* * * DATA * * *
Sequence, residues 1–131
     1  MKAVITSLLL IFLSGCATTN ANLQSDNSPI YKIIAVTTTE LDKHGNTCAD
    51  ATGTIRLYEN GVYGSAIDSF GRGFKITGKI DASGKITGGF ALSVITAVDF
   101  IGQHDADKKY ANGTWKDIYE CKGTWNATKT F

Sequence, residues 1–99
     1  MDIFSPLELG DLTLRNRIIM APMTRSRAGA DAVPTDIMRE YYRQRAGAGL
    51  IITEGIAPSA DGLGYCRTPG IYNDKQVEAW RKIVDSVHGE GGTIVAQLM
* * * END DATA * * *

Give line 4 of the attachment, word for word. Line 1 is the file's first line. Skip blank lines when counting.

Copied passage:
   101  IGQHDADKKY ANGTWKDIYE CKGTWNATKT F